Formula-fed infants consuming 750 ml/day now receive a minimum of 100 mg/day and a maximum of 300 mg/day (AAP, 1985). The American Academy of Pediatrics has estimated that there is a threefold increase in dietary sodium between 2 and 12 months of age (AAP, 1981).
Excessive Intakes and Toxicity
Acute excessive intake of sodium chloride leads to an increase in the extracellular space as water is pulled from cells to maintain sodium concentration. The end result is edema and hypertension. Such acute toxicity from dietary sodium is not a concern, however, since as long as water needs can be met, the kidney can excrete the excess sodium. Sustained overconsumption of sodium, particularly as salt, has been related to development of hypertension in sensitive individuals (NRC, 1989; Tobian, 1979).
Potassium is the principal intracellular cation, occurring in cell water at a concentration of 145 mEq/liter,bmore than 30 times the concentration at which it is found in plasma and interstitial fluid (3.8 to 5.0 mEq/liter). This small percentage of extracellular potassium is, however, of great physiological importance, contributing to the transmission of nerve impulses, to the control of skeletal muscle contractility, and to the maintenance of normal blood pressure.
More than 90% of ingested potassium is absorbed from the gastrointestinal tract, but higher or lower intakes are not reflected in fluctuations in plasma potassium concentrations because the kidney can regulate potassium balance. Potassium is lost from the body in the urine and, to a lesser extent, in gastrointestinal secretions, whereas only minimal amounts are excreted in sweat.
Under normal circumstances, dietary deficiency of potassium does not occur. The most important cause of potassium deficiency is excessive losses, usually through the alimentary tract or the kidneys. Large alimentary potassium losses may occur through prolonged vomiting, chronic diarrhea, or laxative abuse. The most common cause of excessive renal loss is the use of diuretic agents, especially for the treatment of hypertension. Some forms of chronic renal disease and metabolic disturbances (e.g., diabetic acidosis) can also lead to severe potassium loss. Deficiency symptoms include weakness, anorexia, nausea, listlessness, apprehension, drowsiness, and irrational behavior. Severe hypokalemia may result in cardiac dysrhythmias that can be fatal.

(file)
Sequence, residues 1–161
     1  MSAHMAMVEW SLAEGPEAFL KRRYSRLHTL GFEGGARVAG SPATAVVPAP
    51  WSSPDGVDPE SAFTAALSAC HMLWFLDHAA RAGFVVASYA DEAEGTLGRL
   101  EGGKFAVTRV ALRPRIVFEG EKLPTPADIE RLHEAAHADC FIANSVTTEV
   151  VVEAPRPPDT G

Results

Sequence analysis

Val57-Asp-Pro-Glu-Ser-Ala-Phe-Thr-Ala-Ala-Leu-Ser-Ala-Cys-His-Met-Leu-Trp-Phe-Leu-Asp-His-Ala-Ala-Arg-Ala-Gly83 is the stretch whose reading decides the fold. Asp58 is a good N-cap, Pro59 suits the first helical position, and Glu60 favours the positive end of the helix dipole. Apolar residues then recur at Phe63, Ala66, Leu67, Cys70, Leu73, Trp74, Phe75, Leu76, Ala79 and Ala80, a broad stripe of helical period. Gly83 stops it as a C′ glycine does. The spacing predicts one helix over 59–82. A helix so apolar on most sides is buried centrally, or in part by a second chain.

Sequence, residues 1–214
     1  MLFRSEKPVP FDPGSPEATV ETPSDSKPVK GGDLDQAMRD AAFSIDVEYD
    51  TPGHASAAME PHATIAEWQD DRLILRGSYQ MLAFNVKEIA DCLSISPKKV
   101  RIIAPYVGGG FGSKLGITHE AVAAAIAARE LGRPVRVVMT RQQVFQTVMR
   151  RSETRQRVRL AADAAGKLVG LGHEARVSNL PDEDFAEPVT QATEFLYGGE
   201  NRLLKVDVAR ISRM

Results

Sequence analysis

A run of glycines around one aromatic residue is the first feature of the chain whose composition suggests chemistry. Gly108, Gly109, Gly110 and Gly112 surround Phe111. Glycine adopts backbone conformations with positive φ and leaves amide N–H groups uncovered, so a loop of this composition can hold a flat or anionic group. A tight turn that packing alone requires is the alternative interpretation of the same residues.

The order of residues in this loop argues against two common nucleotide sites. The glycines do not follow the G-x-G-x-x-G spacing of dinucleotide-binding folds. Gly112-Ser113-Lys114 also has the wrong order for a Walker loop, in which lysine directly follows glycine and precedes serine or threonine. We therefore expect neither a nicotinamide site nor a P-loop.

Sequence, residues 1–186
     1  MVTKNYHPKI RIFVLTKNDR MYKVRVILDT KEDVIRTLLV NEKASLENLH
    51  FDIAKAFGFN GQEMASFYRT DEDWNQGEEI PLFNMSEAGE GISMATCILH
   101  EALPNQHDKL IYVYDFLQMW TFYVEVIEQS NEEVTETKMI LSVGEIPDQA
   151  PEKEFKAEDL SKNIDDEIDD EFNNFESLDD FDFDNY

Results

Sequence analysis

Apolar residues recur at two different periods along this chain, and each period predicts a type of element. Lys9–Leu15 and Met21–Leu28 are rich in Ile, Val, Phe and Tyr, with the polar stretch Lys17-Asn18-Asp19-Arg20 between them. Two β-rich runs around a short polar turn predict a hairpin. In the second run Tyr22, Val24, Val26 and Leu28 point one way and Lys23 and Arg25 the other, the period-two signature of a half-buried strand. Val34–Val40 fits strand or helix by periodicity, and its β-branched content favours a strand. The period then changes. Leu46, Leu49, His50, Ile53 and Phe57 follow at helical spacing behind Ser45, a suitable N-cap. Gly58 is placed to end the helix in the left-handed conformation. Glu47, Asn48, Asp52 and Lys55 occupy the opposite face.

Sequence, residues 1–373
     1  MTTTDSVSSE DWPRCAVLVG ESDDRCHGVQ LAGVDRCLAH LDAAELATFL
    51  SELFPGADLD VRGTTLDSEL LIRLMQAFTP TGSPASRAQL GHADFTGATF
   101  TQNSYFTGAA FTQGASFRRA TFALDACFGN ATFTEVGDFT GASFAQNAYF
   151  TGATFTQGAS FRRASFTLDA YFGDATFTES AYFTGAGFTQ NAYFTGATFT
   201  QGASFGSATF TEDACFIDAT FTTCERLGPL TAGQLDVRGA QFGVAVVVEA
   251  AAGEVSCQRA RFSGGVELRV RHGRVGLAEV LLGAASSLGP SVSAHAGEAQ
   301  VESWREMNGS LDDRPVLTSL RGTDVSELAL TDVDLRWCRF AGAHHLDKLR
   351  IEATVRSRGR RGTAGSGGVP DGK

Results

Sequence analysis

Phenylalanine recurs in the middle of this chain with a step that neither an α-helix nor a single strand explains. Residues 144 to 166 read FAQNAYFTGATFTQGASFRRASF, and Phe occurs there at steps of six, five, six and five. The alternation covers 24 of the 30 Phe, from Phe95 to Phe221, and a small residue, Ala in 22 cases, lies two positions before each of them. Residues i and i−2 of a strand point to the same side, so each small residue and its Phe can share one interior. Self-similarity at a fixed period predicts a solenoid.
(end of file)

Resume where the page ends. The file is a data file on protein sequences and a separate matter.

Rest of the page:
Dietary Sources and Usual Intakes
Potassium is widely distributed in foods, since it is an essential constituent of all living cells. Animal tissue concentration of potassium is fairly constant, but varies inversely with the amount of fat. Some potassium is also added in food processing, but the overall effect of processing on the food supply has been to increase the sodium and decrease the potassium (NRC, 1989). Thus, the richest dietary sources are unprocessed foods, especially fruits, many vegetables, and fresh meats. The contribution of drinking water to potassium intake is negligible. The mean concentration in household tap water was reported to be 2.15 mg/liter (range, 0.72 to 8.3 mg/liter) (Greathouse and Crown, 1979; NRC, 1980a).
Potassium intakes vary considerably, depending on food selection. People who eat large amounts of fruits and vegetables have a high potassium intake, on the order of 8 to 11 g/day (NRC, 1989). In the FDA”s Total Diet Study, mean potassium intake in the United States during 1981–1982 was found to be 1,500 mg/day for 6-month-old infants, 1,800 mg/day for 2-year-old children, and 3,400 mg/day for 15- to 20-year olds (Pennington et al., 1984). Urban whites eat about 2,500 mg/day (Khaw and Barrett-Connor, 1987); low intakes of about 1,000 mg/day have been reported in blacks (Grim et al., 1980; Langford, 1985).
Human milk contains about 500 mg (12.8 mEq) of potassium per liter, and therefore provides the reference infant consuming 750 ml daily with 375 mg/day. Infant formulas contain slightly more potassium than human milk on the average, and cow”s milk contains almost 3 times as much, 1,365 mg (35 mEq) per liter.
Estimate of Requirements
Adults Potassium requirements have been evaluated in only a few studies. Although losses on a low or “minimum” potassium diet are small, potassium is less well conserved than sodium (see Table 11-1). Fecal losses are less than 400 mg (10 mEq) per day, and renal losses may approach 200 to 400 mg (5 to 10 mEq) per day (Squires and Huth, 1959). Other losses (e.g., in sweat) are negligible. On intakes of about 20 mEq/day, metabolic balance is achieved at the expense of reduced body potassium stores (up to 250 mEq) and in some cases with reduced plasma levels (<4 mEq/liter). To maintain normal body stores and a normal concentration in plasma and interstitial fluid, an intake of about 40 mEq/day may be needed (Sebastian et al., 1971). Therefore, it would appear that the minimum requirement is approximately 1,600 to 2,000 mg (40 to 50 mEq) per day. There is considerable evidence that dietary potassium exerts a beneficial effect in hypertension, and recommendations for increased intake of fruits and vegetables (NRC, 1989) would raise potassium intake of adults to about 3,500 mg (90 mEq) per day.